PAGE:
How to Visit: This hot spring in Utah is easily accessible and is only 45 miles southeast of Salt Lake City, just west of U.S. Highway 189.
Red Hill Hot Springs
Address: Starting in Monroe, Utah, head up 300 North. This road will turn into a dirt road. Once it does, go another half mile to the parking lot.
For hot springs enthusiasts searching for a unique and relaxing getaway, head to Red Hill Hot Springs in Utah.
Surrounded by breathtaking red rock formations and overlooking the small town of Monroe, the hot springs are on private land. However, the generous owners have kindly donated them for public use.
Offering easy access, these shallow pools pack a punch with temperatures ranging from hot to burning hot, with the hottest spot being the closest to the source. You’ll even find an outhouse, a firepit, and land to explore when done soaking.
How to Visit: This is a natural spring; however, you don’t need to hike to get there. Simply park your car at the red hill; the four pools are there. Please note: The dirt road can be rocky, but if you go slow, any car can make it up the road.
Inlet Park Hot Springs (Saratoga Springs)
Address: 6800 N Saratoga Rd, Saratoga Springs, UT
Located on the north end of Utah Lake, this hot spring in Utah boasts a small mud-bottomed pool around 3 feet deep with a water temperature of around 110 degrees.
With housing developments nearby, this is a very popular site. It provides convenience and views of surrounding snow-capped mountain peaks.
For those wanting to take a break from soaking in hot waters, there’s still plenty to do within the park.
There’s a playground for younger visitors and access to the shore of Utah Lake, where fishing and paddle boarding are encouraged activities. And for added convenience as well as peace of mind, bathrooms are also available.
How to Visit: There’s plenty of parking within Inlet Park. From there, access to the hot springs is via a short, well-developed walking path right from the parking lot.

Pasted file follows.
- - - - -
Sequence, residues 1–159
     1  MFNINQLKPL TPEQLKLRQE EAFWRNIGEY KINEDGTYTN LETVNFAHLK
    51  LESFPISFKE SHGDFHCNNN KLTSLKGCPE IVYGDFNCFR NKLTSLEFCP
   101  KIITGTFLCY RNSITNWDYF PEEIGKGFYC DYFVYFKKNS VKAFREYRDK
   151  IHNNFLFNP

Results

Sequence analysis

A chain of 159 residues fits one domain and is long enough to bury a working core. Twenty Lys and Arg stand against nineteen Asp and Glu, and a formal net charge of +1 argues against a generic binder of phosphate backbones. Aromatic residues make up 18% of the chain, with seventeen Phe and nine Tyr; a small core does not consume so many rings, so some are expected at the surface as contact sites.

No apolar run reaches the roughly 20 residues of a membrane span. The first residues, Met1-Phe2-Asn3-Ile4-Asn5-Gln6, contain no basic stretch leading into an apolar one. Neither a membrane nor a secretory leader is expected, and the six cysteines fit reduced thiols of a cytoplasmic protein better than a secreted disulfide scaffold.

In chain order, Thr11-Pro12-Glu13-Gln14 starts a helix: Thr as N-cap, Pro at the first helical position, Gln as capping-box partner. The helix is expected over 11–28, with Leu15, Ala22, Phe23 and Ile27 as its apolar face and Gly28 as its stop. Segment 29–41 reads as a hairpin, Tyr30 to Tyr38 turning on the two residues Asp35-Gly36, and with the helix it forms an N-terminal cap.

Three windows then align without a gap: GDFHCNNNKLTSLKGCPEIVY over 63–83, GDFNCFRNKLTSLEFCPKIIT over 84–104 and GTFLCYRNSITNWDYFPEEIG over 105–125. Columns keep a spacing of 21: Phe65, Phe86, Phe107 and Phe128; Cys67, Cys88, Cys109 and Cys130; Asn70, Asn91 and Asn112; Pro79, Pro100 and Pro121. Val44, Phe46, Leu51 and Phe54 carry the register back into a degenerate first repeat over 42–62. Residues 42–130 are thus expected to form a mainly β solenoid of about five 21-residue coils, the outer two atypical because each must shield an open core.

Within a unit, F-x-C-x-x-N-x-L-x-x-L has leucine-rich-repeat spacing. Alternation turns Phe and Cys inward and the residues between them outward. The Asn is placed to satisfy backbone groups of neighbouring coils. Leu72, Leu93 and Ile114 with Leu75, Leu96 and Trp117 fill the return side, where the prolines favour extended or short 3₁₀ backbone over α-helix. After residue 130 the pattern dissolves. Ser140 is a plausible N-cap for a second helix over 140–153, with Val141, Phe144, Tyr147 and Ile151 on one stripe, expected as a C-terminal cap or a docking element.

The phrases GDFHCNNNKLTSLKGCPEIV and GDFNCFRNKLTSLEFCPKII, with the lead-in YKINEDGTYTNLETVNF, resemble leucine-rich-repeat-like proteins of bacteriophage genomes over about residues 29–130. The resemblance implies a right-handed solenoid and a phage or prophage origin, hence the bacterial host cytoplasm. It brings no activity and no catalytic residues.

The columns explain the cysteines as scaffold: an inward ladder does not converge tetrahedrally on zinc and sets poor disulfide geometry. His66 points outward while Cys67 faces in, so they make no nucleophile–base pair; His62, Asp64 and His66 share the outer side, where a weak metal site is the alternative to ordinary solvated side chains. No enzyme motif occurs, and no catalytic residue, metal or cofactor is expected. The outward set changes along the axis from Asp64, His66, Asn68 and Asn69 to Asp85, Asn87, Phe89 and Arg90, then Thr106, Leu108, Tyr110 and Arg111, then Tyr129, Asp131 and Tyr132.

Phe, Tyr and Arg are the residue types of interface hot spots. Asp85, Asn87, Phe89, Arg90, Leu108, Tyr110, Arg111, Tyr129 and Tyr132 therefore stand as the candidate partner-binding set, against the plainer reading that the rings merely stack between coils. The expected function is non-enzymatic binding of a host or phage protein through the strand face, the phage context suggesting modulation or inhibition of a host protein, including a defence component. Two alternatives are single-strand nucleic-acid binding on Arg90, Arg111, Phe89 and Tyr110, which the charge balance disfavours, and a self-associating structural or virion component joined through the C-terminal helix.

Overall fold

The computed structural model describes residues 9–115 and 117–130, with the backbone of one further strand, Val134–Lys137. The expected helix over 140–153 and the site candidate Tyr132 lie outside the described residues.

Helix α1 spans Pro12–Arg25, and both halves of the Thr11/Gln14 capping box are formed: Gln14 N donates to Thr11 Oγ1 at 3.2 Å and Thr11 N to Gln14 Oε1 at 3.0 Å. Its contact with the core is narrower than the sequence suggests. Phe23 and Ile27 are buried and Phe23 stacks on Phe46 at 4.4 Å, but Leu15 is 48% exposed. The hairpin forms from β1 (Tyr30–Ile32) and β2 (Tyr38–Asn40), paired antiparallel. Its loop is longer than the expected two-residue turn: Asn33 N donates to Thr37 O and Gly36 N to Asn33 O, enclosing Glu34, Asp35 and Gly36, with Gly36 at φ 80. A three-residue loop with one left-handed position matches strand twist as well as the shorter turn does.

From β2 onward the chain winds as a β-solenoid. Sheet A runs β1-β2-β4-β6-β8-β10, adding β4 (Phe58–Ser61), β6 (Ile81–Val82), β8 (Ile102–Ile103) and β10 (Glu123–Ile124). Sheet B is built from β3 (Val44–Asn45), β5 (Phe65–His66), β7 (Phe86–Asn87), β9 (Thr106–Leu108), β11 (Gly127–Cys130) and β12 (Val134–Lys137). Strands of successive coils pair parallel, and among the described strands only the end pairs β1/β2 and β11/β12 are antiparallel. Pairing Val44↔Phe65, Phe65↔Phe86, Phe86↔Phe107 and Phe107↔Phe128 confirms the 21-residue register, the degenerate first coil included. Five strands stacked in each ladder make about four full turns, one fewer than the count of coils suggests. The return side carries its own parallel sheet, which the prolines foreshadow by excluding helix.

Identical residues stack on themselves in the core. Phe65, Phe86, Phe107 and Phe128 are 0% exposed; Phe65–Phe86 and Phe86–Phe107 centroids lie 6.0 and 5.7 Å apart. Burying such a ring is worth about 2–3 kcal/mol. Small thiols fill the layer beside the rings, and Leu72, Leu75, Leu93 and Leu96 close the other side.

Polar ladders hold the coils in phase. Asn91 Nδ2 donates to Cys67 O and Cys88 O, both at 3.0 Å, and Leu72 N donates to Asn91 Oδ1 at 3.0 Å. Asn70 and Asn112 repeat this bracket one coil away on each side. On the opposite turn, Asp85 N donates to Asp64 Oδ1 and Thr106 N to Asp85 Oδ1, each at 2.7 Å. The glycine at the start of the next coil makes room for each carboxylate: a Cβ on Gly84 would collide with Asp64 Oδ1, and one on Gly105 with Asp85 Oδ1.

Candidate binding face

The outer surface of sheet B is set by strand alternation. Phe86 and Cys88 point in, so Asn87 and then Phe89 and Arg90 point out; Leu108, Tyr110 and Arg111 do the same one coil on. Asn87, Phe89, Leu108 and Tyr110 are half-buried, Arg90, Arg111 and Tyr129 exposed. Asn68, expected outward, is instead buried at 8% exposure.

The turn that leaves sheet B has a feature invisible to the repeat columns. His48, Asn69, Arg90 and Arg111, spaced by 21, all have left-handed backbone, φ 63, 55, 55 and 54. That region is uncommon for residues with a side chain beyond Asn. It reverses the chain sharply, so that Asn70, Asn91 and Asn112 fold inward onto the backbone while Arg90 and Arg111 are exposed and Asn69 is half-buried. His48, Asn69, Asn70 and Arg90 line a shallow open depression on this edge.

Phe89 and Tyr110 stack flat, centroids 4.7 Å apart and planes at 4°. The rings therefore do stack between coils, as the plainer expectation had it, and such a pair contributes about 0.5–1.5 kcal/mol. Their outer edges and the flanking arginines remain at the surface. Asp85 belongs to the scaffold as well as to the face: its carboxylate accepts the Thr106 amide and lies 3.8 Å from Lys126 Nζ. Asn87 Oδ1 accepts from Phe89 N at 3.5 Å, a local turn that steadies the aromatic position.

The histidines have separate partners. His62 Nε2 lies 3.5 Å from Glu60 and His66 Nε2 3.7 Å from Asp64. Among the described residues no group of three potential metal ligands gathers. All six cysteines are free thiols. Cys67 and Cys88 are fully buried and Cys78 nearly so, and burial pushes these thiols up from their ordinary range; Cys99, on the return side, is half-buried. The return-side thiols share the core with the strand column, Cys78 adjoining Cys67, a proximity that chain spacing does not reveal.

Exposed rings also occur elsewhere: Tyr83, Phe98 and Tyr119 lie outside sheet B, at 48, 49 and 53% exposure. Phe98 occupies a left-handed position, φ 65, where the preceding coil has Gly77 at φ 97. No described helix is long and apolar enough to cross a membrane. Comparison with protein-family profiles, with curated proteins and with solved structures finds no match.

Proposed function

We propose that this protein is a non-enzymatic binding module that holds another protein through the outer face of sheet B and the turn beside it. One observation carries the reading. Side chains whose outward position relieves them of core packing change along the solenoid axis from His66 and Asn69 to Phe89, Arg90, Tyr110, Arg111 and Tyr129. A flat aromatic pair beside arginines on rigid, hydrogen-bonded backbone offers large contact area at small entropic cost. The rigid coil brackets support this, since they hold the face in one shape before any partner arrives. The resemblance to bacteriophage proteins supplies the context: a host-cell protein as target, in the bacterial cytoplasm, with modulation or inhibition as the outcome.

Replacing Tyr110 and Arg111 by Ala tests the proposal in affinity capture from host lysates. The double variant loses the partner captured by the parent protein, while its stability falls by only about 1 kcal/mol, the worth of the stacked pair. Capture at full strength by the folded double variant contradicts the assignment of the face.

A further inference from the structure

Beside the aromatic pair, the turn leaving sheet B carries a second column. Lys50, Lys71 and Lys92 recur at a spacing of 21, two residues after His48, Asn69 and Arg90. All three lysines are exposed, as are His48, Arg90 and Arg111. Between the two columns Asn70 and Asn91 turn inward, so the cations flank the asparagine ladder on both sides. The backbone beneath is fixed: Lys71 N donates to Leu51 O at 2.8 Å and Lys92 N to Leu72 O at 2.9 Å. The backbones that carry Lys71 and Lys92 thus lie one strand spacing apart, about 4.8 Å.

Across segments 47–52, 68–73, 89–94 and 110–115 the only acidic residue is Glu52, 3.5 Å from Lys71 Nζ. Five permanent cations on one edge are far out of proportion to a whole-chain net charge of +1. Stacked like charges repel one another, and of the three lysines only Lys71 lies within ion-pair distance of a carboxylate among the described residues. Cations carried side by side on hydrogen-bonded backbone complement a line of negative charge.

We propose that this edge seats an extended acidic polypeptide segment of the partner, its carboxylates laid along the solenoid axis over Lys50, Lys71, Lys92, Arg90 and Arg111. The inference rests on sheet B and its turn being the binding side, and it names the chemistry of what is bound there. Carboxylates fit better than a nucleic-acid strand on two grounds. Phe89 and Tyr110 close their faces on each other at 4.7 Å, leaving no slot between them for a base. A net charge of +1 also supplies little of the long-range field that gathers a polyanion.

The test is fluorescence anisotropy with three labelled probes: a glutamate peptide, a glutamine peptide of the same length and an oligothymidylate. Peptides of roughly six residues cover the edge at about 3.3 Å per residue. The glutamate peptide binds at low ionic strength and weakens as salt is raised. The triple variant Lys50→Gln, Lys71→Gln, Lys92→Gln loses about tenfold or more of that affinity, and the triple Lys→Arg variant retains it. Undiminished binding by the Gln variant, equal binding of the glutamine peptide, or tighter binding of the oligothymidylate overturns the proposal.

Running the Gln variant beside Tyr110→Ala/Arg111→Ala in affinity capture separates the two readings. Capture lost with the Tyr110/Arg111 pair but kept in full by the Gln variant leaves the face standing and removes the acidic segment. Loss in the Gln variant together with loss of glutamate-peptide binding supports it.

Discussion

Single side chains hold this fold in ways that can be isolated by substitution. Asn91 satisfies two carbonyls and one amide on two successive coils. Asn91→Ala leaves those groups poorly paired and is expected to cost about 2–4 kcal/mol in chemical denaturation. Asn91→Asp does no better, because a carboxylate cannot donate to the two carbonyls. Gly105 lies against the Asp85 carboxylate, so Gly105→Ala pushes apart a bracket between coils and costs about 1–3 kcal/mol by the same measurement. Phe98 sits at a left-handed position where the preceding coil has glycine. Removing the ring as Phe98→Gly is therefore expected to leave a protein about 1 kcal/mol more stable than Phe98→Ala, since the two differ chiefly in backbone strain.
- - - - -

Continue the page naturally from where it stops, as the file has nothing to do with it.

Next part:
Keep in Mind: Did you know Virginia has hot springs? Well now you do! But are they worth visiting like the hot springs out west?
Safety Tips for Visiting a Hot Spring
Visiting hot springs in Utah is one of the most enjoyable activities you can do in nature. However, hot springs are nothing to trifle with, and there are important safety rules to follow if you’re lucky enough to experience them in person.
Make sure you always watch for hot water from the hot springs, as it tends to build up and overflow unexpectedly.
Bring some layers for changing out of wet clothes and stay in areas as marked by posted signs. As mentioned before, many hot springs are on private property, so be respectful.
Along those same lines, be mindful of your surroundings and remember that hot spring water may contain bacteria or other chemicals which can be hazardous to your health. Again, follow posted signs, rules, and regulations.
Finally, if you plan on swimming in underdeveloped hot springs, respect wildlife and keep a safe distance from any creatures nearby. Your health and well-being will thank you when you pay attention to your safety, and others around you and you respect the natural environment of hot springs.
Try One of These Hot Springs in Utah During Your Next Visit to the Beehive State
Utah’s hot springs are the perfect way to relax and rejuvenate your body and mind during your next visit to The Beehive State.
With so many different options to choose from, there is sure to be a hot spring that is just right for you.
So, whether you are looking for a commercial or natural setting, under the stars or a roof, camping or day trip, make sure to add one of these amazing hot springs to your itinerary. We can already hear the, “Aaaaahhhhh,” as you dip your toes into nature’s bathtub.